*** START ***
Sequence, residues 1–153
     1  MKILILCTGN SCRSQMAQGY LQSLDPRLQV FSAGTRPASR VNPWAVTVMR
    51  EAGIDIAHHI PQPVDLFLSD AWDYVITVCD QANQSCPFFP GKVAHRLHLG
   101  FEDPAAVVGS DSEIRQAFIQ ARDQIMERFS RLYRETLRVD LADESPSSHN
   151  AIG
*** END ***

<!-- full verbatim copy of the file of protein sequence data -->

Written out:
Sequence, residues 1–153
     1  MKILILCTGN SCRSQMAQGY LQSLDPRLQV FSAGTRPASR VNPWAVTVMR
    51  EAGIDIAHHI PQPVDLFLSD AWDYVITVCD QANQSCPFFP GKVAHRLHLG
   101  FEDPAAVVGS DSEIRQAFIQ ARDQIMERFS RLYRETLRVD LADESPSSHN
   151  AIG